Welcome to Chapter one of Italy Chronicles’ new Tales from a Tuscan Mountain series of short stories. Each one has been lovingly written by a man who is in love with Italy.
Mad as it might seem, there was a logic to it – of sorts . . .
Fortunately it had not been a bad winter. The summer had been disappointingly wet but, after the tourists had left, there had been what the English call, an ‘Indian summer’ – while the grapes were gathered. Of course there were days when the clouds built up in the valley, against the great mountain that had protected the small Tuscan village of Santa Giuditta for millennia. There had been the seemingly endless days of mist. When the rain came, they were conveniently and regularly consistent; two days on and two off. In late November, when the olives were being picked, the sun performed a curtain call. So bright and warm the harvest looked as if pictured in television commercials.
***Simon Law’s new book: Beyond the Margins***
On still quiet days a fug of wood smoke hung over the village like a reassuring cloak, but a real, sustained, cold did not arrive. Outside the village walls, there were regular frosts the farmers hoped would kill the pests that might attack their crops. Thankfully it was a gentle winter – because that was the year the Ukrainians had cut the pipelines that delivered the Russian petrochemicals.
The price of diesel soared and there was a scarcity of the gas-oil that a few profligate people in Santa Giuditta use to heat their homes.
Despite the rising cost, people still drove their own cars. There was no thought of car-sharing and the regular, but infrequent, bus service was as little used as usual.
Giancarlo was one of the majority who enjoyed their cars. He had been a lawyer for a company, in a nearby city so, even in retirement, was relatively well off, at least by village standards. In fact, his pension was sufficient that he usually went away in winter. That year was the first, in many, that he and his wife, Matilde, had not flown to Mexico.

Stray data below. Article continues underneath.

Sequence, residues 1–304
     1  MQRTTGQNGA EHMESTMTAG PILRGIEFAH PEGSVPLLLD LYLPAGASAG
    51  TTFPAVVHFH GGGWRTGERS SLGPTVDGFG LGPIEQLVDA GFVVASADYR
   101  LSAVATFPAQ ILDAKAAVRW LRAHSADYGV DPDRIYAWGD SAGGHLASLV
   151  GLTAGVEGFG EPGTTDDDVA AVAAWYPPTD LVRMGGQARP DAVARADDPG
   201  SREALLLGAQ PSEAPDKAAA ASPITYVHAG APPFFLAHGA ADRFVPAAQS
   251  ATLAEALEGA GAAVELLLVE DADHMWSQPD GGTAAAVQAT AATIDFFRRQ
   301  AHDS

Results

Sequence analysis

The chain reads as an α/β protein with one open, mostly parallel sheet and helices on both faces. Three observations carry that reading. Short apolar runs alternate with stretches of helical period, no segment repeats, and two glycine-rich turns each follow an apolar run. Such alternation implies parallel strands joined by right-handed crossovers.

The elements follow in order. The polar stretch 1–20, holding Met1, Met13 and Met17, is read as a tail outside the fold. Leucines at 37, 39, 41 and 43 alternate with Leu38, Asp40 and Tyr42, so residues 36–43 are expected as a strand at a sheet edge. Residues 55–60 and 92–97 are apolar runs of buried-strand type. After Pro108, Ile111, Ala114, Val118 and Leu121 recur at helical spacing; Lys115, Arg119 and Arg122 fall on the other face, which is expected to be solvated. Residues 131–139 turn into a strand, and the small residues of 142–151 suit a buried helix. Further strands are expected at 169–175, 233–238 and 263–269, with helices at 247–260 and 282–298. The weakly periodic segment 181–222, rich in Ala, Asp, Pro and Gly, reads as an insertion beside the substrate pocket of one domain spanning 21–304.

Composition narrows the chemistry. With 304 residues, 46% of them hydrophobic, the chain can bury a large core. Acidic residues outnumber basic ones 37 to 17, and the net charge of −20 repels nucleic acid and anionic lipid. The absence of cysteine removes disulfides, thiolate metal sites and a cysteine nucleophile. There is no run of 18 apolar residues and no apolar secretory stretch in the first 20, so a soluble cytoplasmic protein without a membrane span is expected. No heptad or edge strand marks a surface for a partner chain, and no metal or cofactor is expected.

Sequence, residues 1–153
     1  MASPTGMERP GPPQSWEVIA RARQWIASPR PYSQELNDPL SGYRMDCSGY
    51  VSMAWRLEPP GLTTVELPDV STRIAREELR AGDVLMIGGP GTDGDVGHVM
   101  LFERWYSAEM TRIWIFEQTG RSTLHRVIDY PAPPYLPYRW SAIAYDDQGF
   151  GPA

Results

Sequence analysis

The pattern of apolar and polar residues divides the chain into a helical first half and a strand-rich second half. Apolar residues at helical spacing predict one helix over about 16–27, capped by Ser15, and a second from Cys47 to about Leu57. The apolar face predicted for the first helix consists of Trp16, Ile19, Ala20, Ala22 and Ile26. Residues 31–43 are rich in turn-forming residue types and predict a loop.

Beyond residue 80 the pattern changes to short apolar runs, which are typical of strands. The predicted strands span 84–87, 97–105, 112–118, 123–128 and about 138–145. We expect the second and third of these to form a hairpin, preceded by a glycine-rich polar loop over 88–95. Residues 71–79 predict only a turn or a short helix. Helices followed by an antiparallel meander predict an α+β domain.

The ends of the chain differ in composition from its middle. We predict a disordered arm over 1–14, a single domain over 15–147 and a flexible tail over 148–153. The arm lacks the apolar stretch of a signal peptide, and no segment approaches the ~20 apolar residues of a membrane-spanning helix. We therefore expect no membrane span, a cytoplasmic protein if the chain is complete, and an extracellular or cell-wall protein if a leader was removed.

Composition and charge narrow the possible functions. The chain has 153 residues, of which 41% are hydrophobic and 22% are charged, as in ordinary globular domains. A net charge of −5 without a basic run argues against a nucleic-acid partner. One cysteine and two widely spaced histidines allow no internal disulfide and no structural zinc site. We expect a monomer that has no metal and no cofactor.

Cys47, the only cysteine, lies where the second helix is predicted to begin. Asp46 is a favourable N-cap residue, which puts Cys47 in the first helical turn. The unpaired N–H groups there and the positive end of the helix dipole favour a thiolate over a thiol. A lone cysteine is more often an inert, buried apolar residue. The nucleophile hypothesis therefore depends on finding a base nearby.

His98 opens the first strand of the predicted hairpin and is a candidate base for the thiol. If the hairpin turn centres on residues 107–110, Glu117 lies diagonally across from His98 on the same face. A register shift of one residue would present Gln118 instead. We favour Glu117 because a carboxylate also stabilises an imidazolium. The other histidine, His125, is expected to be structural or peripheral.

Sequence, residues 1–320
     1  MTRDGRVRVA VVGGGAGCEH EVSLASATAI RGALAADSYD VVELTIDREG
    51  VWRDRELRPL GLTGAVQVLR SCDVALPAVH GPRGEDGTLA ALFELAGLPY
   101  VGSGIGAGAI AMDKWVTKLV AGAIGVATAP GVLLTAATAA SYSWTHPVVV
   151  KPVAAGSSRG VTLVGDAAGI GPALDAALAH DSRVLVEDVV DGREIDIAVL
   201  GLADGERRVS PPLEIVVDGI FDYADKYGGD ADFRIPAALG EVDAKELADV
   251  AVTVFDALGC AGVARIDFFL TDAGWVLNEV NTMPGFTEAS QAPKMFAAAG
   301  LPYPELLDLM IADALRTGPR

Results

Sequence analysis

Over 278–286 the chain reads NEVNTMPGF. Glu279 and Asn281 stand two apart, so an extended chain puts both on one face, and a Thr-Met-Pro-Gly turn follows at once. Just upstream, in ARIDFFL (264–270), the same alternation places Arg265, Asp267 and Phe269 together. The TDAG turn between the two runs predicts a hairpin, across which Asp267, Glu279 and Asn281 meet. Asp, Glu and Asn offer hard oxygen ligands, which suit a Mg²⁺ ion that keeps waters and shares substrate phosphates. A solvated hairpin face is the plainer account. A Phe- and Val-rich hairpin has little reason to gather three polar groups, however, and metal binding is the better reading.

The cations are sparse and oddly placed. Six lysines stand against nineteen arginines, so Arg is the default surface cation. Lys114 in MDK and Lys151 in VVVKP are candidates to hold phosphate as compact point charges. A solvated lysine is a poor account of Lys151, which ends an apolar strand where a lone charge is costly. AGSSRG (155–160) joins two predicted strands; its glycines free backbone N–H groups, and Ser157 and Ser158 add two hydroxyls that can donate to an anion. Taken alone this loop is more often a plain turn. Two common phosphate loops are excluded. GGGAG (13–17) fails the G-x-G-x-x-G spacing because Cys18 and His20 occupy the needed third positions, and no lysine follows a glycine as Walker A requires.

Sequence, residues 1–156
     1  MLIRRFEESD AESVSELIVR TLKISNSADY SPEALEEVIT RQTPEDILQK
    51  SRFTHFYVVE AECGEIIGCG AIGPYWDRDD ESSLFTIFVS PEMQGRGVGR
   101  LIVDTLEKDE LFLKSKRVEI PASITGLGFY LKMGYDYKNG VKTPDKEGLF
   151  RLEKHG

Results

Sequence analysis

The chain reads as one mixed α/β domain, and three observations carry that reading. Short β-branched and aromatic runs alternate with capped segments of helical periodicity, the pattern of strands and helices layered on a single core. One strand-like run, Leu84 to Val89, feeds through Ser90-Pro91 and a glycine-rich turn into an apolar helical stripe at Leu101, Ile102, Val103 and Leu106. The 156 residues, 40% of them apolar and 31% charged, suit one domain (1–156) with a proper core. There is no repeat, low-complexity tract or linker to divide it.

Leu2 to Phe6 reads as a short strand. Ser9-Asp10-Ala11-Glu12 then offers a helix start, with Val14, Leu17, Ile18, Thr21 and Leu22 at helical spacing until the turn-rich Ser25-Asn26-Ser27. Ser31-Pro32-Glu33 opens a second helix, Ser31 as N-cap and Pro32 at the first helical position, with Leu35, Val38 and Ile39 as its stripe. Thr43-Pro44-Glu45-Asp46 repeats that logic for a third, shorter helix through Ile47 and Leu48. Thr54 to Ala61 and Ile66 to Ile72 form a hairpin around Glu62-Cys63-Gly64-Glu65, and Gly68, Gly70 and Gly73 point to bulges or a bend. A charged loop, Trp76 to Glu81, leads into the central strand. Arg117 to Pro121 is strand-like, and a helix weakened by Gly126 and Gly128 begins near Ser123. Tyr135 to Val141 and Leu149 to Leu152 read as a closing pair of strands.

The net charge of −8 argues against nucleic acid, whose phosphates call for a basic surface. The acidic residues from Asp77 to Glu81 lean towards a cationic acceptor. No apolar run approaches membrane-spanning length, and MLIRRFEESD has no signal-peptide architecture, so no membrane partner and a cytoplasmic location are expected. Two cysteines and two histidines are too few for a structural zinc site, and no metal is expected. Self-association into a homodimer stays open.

Nobody was sure, certainly nobody was told, why Giancarlo and Matilde had not gone away. There had been gossip of ‘some trouble with a woman’ but, for most, Giancarlo’s shear unattractiveness and Matilde’s formidability mitigated against that theory.
Perhaps it was the savings that Giancarlo had made, by not going away, that bought the new Volkswagen that he had driven into the piazza, so that it might be admired – and then, the same day, run it off the road.
It was not because Matilde did not like cooking – that would have been thought sacrilegious – it might have been it gave her a break from her husband – but Giancarlo managed to negotiate three lunches, every week, with his cronies, at a local restaurant.
These lunches were always long, voluble and very liquid. Giancarlo drove to each one and, more frighteningly, drove home. It was after one of these meals that several people saw Giancarlo roll his Volkswagen down a steep embankment, over a ditch, and into a bean field. The new car was written off.
Stop reading, start speaking
Stop translating in your head and start speaking Italian for real with the only audio course that prompt you to speak.
An ambulance was called. It arrived, accompanied by a police car. If the policeman had known that Giancarlo was involved he would have wanted to bring the town’s only breathalyser – but he had not. The machine was not working.
The policeman insisted Giancarlo be taken to the hospital, quietly, hoping for a chance to get a blood sample.
The sample was taken. Pending a court case, the insurance company would not deal with Giancarlo’s claim.
Without a car, Giancarlo would not, easily, be able to attend his lunches. The restaurant was only about twenty minutes walk, from Santa Giuditta – down a steep hill. It might be only half an hour, or so, back – but up the same steep hill. Besides, only the poor and foreigners walked. An alternative solution would have to be found…
…to be continued.
Read Chapter Two of Giancarlo’s Green Horse.
By Simon Law
After Chelsea School of Art, Portsmouth Polytechnic and Ruskin College…
Began work in the film and television industry in 1979 (United Motion Pictures, Southern Television, TVS, LWT, Thames Television, BBC, C4, British Screen, Skreba Productions …) as an assistant film editor, later as an editor – occasionally a director and producer.
Simon splits time between London and a small village in N Tuscany. Between buying a house, beginning to do it up and the arrival of #1 son, he worked on: “The Last Syllable”, a connected series of short stories, a novel, “Come Again” and a series of short stories about the village, “Santa Giuditta”.
Hilly landscape in Val d’Orcia photograph by Stefanoacetelli
San Gimignano from RicciSpeziari by photographer: Basilio Speziari